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Pharmacokinetics - II.pptx

  1. Dr. Arun.S First year Post Graduate Department of Pharmacology Government Medical College Ananthapuramu
  2. SPECIFIC LEARNING OBJECTIVES - AT THE END OF THE SEMINAR THE LEARNER WILL BE ABLE TO 1. Define and Describe Biotransformation of drugs and Factors affecting it 2. Describe first pass metabolism 3. Describe the drug metabolizing enzymes 2. Describe Enzyme induction and inhibition 3. Describe the process of elimination of drugs
  3. DEFINITION • Pharmacokinetics deals with Absorption, Distribution, Metabolism an Excretion of the drugs. • Pharmacon - drug • kinesis - movement • It is a branch which deals with “what the body does to the drug”. • It is also called ADME study.
  4. BIOTRANSFORMATION OF DRUGS • Enzyme catalysed biochemical transformation of drugs within the living organism. • Lipid soluble to lipid insoluble - Not reabsorbed in kidney. • Sites: Liver (m.c) Kidney Lungs Intestine (small & large) Adrenal cortex Placenta Skin
  5. 4 CONSEQUENCES OF BIOTRANSFORMATION 1. Inactive metabolite from active drug: Eg - Paracetamol, propranolol, phenobarbitone, morphine, etc 2. Active metabolite from inactive (prodrug) or a less active drug: / Eg - L-Dopa Dopamine (in basal ganglia) Prednisone Prednisolone Enalapril Enalaprilat Dipivefrine Epinephrine
  6. 3. Active metabolite from an equally active drug: Eg - Digitoxin Digoxin Morphine Morphine - 6 - glucuronide Allopurinol Alloxanthine 4. Formation of toxic metabolite: Eg: Paracetamol N-acetyl-p-benzoquinoneimine (NAPQI) Cyclophosphamide Acrolein
  8. FIRST PASS METABOLISM • Pre-systemic metabolism • First pass effect
  11. Attributes of drugs with high first pass metabolism: (a) Oral dose >> sublingual or parenteral dose. (b) Marked individual variation in the oral dose due to differences in the extent of first pass metabolism. (c) Oral bioavailability is apparently increased in patients with severe liver disease. (d) Oral bioavailability of a drug is increased if another drug competing with it in first pass metabolism is given concurrently, e.g. chlorpromazine and propranolol.
  13. PHASE - 1 REACTIONS • Degradative reactions • Metabolite formed - active / inactive • Mostly CYP mediated. • Introduction of a new group - smaller non-polar / polar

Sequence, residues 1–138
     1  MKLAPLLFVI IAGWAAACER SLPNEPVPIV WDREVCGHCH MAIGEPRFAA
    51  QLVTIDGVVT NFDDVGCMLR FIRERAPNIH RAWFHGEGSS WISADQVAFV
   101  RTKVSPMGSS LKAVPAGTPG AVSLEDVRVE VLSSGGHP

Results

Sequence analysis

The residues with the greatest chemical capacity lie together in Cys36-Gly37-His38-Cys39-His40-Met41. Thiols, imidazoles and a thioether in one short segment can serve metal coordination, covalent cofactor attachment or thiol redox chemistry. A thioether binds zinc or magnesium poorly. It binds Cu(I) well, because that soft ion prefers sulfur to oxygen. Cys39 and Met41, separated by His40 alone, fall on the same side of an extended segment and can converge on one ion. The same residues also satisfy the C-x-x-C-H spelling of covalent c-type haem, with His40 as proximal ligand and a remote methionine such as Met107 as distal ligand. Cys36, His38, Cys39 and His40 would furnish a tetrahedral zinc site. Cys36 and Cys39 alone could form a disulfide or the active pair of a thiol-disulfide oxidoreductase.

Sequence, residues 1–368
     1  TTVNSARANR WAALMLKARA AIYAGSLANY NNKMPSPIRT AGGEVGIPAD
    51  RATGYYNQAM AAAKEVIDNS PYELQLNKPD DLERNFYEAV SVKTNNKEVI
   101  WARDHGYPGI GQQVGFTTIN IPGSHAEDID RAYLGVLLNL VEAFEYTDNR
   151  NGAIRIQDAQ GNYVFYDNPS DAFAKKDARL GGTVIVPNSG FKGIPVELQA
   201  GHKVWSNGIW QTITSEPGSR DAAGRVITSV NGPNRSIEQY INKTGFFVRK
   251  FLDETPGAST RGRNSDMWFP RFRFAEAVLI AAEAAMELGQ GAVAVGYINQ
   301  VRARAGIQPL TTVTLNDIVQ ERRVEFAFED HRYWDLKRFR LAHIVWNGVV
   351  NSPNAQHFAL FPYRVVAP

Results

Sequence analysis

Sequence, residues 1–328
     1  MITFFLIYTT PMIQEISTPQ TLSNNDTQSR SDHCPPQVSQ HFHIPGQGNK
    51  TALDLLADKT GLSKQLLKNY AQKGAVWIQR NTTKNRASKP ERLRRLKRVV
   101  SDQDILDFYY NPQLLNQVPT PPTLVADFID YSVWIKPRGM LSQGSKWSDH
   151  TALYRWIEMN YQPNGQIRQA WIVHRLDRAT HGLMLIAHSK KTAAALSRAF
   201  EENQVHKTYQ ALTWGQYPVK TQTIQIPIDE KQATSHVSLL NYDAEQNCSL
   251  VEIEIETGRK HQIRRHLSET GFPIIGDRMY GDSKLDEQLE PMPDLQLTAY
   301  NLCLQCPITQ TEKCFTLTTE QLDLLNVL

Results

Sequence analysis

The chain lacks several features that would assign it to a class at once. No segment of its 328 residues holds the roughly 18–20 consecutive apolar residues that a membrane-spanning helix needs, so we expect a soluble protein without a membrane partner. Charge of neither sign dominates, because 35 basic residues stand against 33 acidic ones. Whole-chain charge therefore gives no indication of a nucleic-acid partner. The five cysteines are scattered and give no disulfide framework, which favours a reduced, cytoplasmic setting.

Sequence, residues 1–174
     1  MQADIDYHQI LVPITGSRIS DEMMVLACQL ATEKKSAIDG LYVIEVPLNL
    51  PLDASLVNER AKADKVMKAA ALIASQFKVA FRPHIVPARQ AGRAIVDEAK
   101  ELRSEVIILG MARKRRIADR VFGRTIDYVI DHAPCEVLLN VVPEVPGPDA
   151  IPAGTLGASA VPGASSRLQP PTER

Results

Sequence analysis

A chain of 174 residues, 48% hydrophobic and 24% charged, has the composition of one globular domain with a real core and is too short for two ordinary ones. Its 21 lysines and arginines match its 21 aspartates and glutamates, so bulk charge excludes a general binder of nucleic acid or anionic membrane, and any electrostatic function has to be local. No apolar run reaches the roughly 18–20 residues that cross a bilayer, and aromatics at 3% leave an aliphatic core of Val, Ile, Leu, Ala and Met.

14. PHASE - 2 REACTIONS • Conjugation reactions • Catalysed by Microsomal, mitochondrial or cytoplasmic enzymes • Metabolite - polar, water soluble - inactive
  16. Summarise the reactions
  17. PHASE - 3 • ATP-binding cassette (ABC) and solute linked carrier (SLC) transporters. • ABC transporters - efflux (Primary active transport) • SLC - Uptake and efflux (Secondary active transport - symport and antiport) • Uptake transporters: 1. Na+-taurocholate cotransporting polypeptide (NTCP) 2. OCT 1 3. OAT 2 4. organic anion-transporting polypeptides • Efflux transporters: 1. P-gp efflux system 2. bile salt export pump (BSEP) 3. multidrug resistance-associated protein (MRP) 2
  20. CYP 450 SYSTEM • Superfamily of heme containing sozymes located primarily in the smooth endoplasmic reticulum of liver and GI tract. • Metabolism of 1. Endogenous compounds (steroids and lipids) 2. Exogenous compounds - drugs, carcinogens, and environmental pollutants • Metabolize only lipid soluble drugs • Phase 1 (oxi, red, hyd) and phase 2 (glucuronyl conj)
  22. NON-MICROSOMAL ENZYMES • Located in cytoplasm, mitochondria - liver cells (m.c) and plasma • Eg - MAO, Esterases, amidases, transferases • Phase 2 reactions (except glucuronide conj) • Few Phase 1 reactions (oxi, red, hyd) • Non-inducible • Can be inhibited